My serjeants try to save the the haystack from burning and attack the French, only to suffer casualties and be rebuffed.


To our surprise my archers not only survive the charge from the mounted serjeants they manage to repel their attack and then finish them off with a hail of arrows. However that is the only ray of sunshine in an otherwise bleak picture as the French mounted men-at-arms rout the archers near the barn before charging into the battered foot serjeants.


At this point it looks highly unlikely the English can save the day. The French have already fulfilled two of their boasts and I can't see how I can stop them setting fire to all the objectives, so I call it a day.

That was an enjoyable game that took about two hours to play. While failing to activate is frustrating we didn't see it as a problem, in fact we quite liked the challenge it presents. It calls for a player to try to prioritise what is most important. As one of my managers said to me many years ago - 'don't do what's urgent, do what's important'. As the chances of not activating impact both sides it is a dynamic that needs to be factored into your thinking. It's not perfect and having my archers fail to shoot when the field opposite is full of advancing enemy can feel odd, but no more than those same enemy units failing to move when faced with archers.

As we had time for another game we decided to keep it simple and play the 'Bloodbath' scenario, a straightforward fight to destroy the opposing force.

I kept the same English retinue while the French opted to dismount one of their mounted men-at-arms and have them fight on foot. The English took up a classic Agincourt deployment with the archers on either flank and the serjeants and men-at-arms in the centre. The French had their mounted on their left flank and the crossbowmen, serjeants and foot men-at-arms facing a walled field in the right centre of the battlefield.

The English arrayed for battle

English serjeants in the centre

English men at arms

I didn't take quite as many pictures of this encounter, although I covered the main action. On the English right the archers made their way into the woods from where they had protection from mounted charges and could target the French horsemen. This resulted in very little happening on that flank because the French mounted chose to wait and see how things unfolded before committing themselves.

As a result the main action took place in and around the walled field. The combination of English archers and serjeants proved an unstoppable force. The archers took advantage of the protection offered by the stone wall from where they were able to weaken any French units before the serjeants set upon them with their spears.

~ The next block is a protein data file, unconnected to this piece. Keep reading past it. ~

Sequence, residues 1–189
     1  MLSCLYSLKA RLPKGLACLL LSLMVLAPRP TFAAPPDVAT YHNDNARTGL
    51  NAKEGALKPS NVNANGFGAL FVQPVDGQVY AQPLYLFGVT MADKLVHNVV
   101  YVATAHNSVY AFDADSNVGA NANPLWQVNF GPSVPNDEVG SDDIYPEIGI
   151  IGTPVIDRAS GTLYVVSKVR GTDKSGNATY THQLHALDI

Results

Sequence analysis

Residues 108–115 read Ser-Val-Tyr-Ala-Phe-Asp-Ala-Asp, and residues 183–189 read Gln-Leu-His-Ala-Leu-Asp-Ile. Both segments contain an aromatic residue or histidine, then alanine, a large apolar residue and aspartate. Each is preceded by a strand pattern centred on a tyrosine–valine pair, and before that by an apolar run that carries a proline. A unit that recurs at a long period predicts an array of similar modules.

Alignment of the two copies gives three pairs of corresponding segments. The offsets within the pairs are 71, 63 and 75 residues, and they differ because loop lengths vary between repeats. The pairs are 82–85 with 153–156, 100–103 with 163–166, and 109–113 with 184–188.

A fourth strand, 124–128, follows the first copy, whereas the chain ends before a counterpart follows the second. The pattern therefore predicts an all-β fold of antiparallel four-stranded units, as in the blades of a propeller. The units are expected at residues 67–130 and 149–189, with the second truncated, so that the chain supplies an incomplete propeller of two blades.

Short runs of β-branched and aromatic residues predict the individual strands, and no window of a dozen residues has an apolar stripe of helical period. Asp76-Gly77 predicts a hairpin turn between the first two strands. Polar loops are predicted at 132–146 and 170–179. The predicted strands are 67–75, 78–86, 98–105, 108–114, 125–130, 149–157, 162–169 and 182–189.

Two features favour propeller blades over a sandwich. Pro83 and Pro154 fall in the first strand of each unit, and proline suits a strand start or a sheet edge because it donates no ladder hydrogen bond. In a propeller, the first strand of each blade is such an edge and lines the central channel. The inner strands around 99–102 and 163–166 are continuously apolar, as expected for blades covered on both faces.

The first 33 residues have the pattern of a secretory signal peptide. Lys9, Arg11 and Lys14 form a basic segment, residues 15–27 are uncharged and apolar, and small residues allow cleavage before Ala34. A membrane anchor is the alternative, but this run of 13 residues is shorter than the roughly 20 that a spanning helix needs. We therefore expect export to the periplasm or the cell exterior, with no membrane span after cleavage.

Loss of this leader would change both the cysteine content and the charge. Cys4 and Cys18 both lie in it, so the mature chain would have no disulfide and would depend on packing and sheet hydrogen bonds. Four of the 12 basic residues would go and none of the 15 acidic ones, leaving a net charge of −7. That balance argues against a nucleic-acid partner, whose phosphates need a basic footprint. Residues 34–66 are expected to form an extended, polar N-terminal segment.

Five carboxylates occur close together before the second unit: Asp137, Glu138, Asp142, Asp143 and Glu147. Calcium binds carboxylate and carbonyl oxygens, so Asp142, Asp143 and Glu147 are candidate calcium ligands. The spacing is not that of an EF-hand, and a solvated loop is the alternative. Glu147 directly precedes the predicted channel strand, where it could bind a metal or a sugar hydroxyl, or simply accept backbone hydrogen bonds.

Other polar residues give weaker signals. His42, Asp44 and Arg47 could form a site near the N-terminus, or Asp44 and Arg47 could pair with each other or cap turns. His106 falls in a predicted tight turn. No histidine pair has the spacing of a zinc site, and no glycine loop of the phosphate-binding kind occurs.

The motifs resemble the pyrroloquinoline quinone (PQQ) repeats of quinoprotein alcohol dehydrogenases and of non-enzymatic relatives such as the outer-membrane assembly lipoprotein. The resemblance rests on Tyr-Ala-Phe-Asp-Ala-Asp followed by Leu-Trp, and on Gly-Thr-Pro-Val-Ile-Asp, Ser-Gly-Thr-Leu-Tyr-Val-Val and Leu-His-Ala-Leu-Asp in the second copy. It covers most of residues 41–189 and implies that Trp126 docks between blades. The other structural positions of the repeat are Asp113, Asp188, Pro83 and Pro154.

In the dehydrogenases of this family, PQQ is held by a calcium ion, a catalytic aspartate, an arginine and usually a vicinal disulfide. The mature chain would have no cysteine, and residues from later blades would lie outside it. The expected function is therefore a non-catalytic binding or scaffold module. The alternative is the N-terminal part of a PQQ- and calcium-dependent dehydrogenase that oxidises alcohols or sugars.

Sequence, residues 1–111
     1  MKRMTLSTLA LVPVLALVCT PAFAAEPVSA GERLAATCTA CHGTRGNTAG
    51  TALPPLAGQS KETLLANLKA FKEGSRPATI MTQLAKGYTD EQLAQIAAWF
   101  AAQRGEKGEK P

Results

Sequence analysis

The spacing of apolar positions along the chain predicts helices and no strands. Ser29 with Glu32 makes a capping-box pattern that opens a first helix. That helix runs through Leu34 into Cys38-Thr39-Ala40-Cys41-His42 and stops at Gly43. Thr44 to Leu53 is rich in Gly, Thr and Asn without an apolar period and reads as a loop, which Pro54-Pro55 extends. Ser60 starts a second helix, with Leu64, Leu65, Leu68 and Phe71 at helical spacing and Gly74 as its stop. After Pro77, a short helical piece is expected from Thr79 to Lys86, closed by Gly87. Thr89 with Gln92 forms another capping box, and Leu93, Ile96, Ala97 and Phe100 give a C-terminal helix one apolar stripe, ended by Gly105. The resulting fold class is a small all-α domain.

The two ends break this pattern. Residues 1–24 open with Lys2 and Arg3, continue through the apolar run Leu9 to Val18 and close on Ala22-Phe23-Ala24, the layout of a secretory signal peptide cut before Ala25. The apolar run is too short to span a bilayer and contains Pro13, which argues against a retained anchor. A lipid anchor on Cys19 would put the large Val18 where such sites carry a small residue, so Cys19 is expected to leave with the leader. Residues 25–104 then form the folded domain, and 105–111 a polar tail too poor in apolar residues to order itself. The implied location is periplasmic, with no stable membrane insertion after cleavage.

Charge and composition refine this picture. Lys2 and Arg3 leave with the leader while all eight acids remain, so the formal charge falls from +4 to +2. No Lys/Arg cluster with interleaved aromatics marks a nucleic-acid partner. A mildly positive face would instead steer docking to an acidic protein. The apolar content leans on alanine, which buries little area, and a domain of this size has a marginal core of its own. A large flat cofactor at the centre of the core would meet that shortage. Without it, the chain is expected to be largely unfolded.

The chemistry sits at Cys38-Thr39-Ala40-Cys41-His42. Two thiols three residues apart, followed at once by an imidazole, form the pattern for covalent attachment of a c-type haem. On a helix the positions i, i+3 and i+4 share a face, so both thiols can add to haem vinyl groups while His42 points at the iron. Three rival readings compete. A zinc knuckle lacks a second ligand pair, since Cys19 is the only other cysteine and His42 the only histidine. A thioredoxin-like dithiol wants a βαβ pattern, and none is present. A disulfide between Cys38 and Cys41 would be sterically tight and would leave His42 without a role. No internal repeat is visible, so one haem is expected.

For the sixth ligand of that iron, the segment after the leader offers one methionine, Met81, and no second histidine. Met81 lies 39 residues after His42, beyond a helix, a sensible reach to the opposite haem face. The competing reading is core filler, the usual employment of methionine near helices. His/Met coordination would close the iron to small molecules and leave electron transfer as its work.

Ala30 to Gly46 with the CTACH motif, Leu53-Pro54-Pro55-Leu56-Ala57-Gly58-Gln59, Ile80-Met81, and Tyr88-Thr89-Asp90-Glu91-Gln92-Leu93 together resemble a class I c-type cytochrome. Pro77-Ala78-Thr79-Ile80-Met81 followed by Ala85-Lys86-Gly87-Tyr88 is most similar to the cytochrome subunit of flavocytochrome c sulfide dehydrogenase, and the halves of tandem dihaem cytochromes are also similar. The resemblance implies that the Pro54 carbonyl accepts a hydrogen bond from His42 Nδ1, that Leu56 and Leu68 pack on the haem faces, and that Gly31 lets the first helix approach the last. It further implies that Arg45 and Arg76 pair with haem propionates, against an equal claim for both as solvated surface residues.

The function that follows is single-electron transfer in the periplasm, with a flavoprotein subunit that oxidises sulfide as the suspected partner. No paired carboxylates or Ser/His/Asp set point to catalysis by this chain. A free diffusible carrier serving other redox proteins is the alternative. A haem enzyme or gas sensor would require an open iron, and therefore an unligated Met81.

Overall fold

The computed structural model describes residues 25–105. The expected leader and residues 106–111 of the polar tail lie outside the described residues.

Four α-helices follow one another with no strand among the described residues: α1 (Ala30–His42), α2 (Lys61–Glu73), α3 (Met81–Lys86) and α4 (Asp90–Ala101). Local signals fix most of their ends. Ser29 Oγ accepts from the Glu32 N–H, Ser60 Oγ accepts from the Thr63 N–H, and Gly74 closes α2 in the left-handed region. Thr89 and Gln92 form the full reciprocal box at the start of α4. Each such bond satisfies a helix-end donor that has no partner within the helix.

A group of French serjeants suffered at the hands of the archers and so the French foot men-at-arms tried to come to their assistance, however they couldn't come fast enough before another volley of arrows and a charge from the English spearmen saw them routed from the table.

The French men-at-arms were to suffer a similar fate. Accurate fire from the archers saw them reduced to three men, which put them in no position to withstand the very aggressive English serjeants.


French crossbowmen had been ineffective from behind the wall and so had moved to try and reduce the range but they were put into a tight predicament once their accompanying serjeants and then men-at-arms were beaten.


At this point the French mounted started advancing towards the centre to try to see what they could do to throw the English off balance (you can just see them in the top left of the picture below).


There was nothing the mounted could do to help the foot men-at-arms, who lost another man and retreated, battered in the face of the serjeants. That left both French units exposed to the wrath of the English archers and spearmen who felt they now had things firmly under control on this flank.


On the other flank the English archers began shooting at the mounted French who were in danger of slowly taking losses if they remained where they were and so they closed to within charge distance of the English foot men-at-arms. This led to the inevitable duel between opposing leaders.


With the English serjeants having routed the men-at-arms in the field and the crossbowmen looking like they were in trouble the French leader was eager to extract some vengeance.


Even a victory in the duel would leave the French mounted having to face the archers in the woods and the foot men-at-arms.


In a blow to English prestige the French leader wins the duel and strikes down the English leader.



Despite the shock of losing their leader the English units handle their courage tests very well and stay in the fight. The victory in the duel was not enough to swing the battle the way of the French who are unable to overcome the combination of men-at-arms and the archers. While over in the field the English serjeants are able to deal aggressively with the crossbowmen and drive them from the field.

Another enjoyable game with plenty of action and fortune swinging one way and the other. The six man units are often very tough opponents but their relatively small number of men does make them brittle and so they have to be committed carefully. Courage tests become harder to pass once any unit has sustained casualties and we found that you cannot ask too much even of the larger twelve man units once they have lost four or five men.

Both scenarios provided a good narrative and the variety of unit types gave players plenty of options for trying differing tactical approaches. Light as they may be I found the rules gave an engaging game experience and an easy way to fill a couple of hours.


2 comments:

  1. Lovely figures, and I enjoyed your LR-Saga comparisons.

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  2. LR is a great little game. I actually prefer it to saga. Nice job writing this up. 😀